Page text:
Ten years after the entry into force of the Lisbon Treaty, has executive predominance in EU-related matters disappeared? How have executive-legislative relations in the EU evolved over a crisis-ridden decade, from the financial and migration crises, to Brexit and the COVID-19 pandemic?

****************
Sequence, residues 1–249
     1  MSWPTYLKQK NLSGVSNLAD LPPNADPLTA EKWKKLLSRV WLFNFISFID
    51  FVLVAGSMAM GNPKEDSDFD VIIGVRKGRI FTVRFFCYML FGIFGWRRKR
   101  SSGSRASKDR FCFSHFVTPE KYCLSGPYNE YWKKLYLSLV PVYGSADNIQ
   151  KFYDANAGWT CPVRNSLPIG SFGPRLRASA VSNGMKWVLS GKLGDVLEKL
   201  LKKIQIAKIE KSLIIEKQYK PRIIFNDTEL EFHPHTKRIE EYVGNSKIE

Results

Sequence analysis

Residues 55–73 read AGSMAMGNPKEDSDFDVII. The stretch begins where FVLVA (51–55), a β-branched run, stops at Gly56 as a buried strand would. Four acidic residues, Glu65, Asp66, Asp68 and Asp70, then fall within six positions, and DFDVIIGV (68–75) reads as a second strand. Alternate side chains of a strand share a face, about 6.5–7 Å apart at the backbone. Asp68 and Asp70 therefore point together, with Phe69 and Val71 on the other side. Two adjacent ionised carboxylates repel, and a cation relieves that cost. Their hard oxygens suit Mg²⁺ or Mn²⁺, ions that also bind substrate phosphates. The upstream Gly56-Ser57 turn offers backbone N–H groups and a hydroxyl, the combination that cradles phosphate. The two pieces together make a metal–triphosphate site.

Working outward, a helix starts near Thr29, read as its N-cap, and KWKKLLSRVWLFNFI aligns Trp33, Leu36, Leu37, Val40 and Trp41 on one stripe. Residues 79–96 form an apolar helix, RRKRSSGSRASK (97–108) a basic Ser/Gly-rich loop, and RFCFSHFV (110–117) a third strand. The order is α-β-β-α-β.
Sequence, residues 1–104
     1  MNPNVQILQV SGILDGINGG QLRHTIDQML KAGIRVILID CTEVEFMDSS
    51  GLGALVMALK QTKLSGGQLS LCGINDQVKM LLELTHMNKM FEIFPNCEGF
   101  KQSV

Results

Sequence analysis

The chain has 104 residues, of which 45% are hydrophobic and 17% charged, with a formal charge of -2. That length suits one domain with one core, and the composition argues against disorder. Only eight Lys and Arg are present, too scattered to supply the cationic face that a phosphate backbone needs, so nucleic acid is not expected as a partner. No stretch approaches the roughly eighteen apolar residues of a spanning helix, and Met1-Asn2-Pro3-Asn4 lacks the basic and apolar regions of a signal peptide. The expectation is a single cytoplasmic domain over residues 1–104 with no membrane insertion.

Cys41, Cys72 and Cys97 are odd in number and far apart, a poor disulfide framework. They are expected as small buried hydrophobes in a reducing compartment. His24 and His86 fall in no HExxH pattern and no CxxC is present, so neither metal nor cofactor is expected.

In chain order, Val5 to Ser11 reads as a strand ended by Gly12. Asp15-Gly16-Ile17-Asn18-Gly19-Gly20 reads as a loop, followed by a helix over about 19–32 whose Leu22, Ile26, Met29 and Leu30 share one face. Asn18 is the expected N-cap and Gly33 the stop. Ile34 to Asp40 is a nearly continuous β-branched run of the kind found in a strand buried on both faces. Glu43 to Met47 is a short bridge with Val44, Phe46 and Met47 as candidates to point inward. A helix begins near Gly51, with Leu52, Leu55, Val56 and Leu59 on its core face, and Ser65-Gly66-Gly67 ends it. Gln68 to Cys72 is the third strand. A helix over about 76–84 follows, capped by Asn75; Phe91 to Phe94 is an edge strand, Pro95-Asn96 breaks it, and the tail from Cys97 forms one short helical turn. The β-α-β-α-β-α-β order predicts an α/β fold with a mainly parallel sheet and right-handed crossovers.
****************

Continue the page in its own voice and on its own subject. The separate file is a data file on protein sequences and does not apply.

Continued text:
The Lisbon Treaty could be expected to lead to the re-balancing of powers in favour of parliaments, for it significantly enhanced the roles of both the European Parliament and national parliaments. A decade later the contributions to this edited volume examine – for the first time in such an extensive breadth and from a multi-level and cross-policy perspective – whether this has actually materialised. They highlight that diverging tendencies may be observed, and that important variations over time have occurred, depending particularly on the occurrence of crises. As stated in the fascinating epilogue by Peter Lindseth (University of Connecticut School of Law), this is an 'admirably coherent collective volume, whose contributions provide an excellent overview of key aspects of executive-legislative relations in the European system since the Treaty of Lisbon'. This edited volume will hence be of interest to both academics and practitioners interested in future reforms designed at the European and national levels to improve the EU's democratic quality.